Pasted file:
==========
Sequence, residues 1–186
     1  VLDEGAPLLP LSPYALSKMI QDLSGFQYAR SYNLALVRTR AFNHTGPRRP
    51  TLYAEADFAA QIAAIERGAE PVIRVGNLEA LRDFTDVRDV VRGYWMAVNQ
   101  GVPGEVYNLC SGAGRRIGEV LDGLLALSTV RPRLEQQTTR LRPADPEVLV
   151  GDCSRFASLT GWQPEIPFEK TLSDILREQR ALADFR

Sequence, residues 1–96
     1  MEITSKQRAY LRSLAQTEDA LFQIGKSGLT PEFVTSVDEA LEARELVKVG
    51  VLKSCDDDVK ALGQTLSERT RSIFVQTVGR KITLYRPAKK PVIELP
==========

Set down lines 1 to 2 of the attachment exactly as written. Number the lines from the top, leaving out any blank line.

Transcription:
Sequence, residues 1–186
     1  VLDEGAPLLP LSPYALSKMI QDLSGFQYAR SYNLALVRTR AFNHTGPRRP